The Agriculture and Horticulture Development Board (AHDB) is to take the lead on reviewing and updating the national Fertiliser Manual (RB209). This follows criticism of Defra for allowing the publication to date in the light of new research findings and farm practice.
The AHDB intends to have a revised manual out in 2017, seven years after the last Defra update in 2010. Defra has licensed responsibility for the manual to AHDB on an ongoing basis, with the Board committing £95,000 to the funding the project. It will be delivered through a consortium of government, organisations and companies - the UK Partnership for Crop Nutrient Management - chaired by Perthshire farmer and chair of Scottish Agronomy George Lawrie.
The consortium has 36 members, including the AIC, AICC, BSPB, FACTS and PGRO; manufacturers Bunn, GrowHow, K+S Kali, Omex, and Yara, and distributors Agrii, Bunn, Frontier and Hutchinsons, plus the corporate farmer Velcourt among other bodies. Technical working groups for the arable, horticulture and livestock sectors will support the steering group, with other stakeholders, including farmers, growers, their representatives, manufacturers, agronomists and advisers also contributing to the plan and the technical working groups.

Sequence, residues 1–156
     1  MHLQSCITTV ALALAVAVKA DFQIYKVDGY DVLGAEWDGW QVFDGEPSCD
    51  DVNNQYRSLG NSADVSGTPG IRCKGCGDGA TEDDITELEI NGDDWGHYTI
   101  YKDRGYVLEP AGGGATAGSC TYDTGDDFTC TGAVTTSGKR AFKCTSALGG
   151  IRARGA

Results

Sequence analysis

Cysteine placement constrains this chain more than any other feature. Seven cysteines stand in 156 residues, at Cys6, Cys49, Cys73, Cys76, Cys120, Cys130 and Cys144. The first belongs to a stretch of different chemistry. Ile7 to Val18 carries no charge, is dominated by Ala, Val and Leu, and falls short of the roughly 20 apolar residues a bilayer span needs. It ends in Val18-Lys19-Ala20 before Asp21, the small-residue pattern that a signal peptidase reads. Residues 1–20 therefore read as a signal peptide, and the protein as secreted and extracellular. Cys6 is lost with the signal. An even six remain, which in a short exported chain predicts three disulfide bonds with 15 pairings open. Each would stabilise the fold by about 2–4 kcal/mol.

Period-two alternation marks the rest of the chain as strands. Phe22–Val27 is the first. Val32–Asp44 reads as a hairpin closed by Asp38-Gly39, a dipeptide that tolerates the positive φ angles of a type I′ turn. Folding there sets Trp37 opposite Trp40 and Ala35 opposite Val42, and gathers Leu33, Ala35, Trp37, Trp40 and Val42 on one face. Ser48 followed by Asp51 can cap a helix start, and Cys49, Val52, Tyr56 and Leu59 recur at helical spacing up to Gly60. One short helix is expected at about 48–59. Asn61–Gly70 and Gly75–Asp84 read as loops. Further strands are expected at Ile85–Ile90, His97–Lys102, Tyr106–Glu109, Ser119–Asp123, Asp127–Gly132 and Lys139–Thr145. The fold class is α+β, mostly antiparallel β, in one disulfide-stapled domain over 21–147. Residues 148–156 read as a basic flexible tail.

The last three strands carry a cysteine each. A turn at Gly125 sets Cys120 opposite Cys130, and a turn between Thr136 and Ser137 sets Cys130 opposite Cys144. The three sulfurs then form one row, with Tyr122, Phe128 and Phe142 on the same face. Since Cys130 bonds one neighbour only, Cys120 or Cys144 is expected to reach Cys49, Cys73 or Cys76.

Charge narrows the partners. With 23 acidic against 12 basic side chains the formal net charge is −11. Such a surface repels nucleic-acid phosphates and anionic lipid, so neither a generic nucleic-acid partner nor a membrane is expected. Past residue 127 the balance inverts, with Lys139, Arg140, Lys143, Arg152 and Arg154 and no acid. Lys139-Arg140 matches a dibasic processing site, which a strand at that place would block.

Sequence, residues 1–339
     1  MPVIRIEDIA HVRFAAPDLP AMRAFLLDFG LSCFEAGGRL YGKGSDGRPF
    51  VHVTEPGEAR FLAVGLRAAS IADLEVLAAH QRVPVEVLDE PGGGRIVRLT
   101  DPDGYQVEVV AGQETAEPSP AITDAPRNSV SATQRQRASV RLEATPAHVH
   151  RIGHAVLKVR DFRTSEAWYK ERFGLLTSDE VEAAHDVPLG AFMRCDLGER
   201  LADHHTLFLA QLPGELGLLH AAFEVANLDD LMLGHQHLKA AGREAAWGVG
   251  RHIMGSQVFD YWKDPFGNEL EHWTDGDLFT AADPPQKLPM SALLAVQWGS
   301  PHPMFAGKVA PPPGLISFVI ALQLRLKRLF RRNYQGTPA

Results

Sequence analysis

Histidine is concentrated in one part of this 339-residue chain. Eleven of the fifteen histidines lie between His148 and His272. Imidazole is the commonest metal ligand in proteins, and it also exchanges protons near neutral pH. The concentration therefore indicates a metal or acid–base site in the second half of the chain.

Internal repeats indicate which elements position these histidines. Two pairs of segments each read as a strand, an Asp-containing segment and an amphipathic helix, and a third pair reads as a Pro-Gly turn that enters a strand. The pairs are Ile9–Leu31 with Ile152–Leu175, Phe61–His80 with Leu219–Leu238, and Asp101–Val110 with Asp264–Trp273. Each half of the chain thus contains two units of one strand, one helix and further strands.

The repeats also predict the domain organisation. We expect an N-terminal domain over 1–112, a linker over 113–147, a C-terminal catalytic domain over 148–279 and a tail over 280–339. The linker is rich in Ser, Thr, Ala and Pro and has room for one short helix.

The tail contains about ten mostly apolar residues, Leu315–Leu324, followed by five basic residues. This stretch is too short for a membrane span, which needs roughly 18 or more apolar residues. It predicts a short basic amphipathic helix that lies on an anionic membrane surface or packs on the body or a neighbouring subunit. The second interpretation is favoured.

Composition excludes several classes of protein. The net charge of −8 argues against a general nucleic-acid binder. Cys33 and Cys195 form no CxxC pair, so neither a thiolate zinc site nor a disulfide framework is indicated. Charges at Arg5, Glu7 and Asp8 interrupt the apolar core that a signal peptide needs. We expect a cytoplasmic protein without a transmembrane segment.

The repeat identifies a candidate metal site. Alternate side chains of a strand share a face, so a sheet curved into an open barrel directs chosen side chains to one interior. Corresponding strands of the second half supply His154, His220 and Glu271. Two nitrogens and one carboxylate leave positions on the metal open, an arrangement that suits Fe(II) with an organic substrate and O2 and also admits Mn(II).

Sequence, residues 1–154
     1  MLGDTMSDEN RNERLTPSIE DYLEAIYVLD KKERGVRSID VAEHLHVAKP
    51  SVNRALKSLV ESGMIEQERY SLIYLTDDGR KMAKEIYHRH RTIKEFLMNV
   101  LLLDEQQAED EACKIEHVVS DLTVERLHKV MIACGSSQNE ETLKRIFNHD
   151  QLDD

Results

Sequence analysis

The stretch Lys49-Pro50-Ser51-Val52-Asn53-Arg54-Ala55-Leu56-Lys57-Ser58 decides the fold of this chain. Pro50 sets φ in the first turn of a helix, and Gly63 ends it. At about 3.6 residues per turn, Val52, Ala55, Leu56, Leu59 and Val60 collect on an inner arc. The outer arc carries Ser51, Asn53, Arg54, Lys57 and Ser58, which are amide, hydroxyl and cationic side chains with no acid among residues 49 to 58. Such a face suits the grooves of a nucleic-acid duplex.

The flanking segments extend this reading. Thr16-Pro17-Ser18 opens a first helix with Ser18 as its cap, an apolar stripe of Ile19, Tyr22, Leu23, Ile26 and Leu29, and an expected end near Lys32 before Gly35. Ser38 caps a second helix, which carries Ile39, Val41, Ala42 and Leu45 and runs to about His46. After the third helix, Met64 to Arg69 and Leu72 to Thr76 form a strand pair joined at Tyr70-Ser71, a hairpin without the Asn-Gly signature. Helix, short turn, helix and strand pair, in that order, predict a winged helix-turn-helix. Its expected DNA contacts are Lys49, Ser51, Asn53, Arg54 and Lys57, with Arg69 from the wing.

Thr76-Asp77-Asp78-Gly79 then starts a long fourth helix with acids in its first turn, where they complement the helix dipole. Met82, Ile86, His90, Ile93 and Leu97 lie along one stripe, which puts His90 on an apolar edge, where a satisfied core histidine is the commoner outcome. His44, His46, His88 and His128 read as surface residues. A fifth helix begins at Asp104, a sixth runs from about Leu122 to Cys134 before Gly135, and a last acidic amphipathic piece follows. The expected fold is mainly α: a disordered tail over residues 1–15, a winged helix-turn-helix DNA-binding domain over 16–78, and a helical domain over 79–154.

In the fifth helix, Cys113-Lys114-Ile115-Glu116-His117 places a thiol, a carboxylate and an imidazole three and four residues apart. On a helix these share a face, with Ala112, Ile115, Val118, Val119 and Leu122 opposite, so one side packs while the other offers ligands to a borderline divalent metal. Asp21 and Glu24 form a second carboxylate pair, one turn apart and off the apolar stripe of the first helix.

The new manual, which will include nutrient management research released since RB209 was last published, will be called AHDB Nutrient Management Guide, the successor guide to RB209, will be published in 2017. In the interim, the existing RB209 will be hosted on the AHDB website from this week.
AHDB chairman Peter Kendall says the project shows AHDB’s commitment to adding value to levy-funded research, and ensuring UK farmers and growers have access to the latest evidence-based guidance. “In taking the lead on crop nutrition, AHDB is showing its ambition to deliver a world-class set of tools to farmers and growers. There are many challenges that UK producers face and by providing current, relevant data on crop nutrition, they will be better placed to make the decisions that will drive our industry forward.”
Mr Lawrie adds: “There had been no planned update of RB209 so I am really excited that AHDB is carrying out this review so we have more accurate data with which to make better management decisions in the near future.
“Crop nutrition is one of the key elements to optimising production in the field. As a farmer, I use all the tools available to ensure that I manage resources efficiently, in terms of soil, applications and plant health. Over 68% of farms have a nutrient management plan with a high proportion of them revisiting these resources year after year to continue to manage crop nutrition. Therefore, it is really important that we have the correct information to make these decisions.”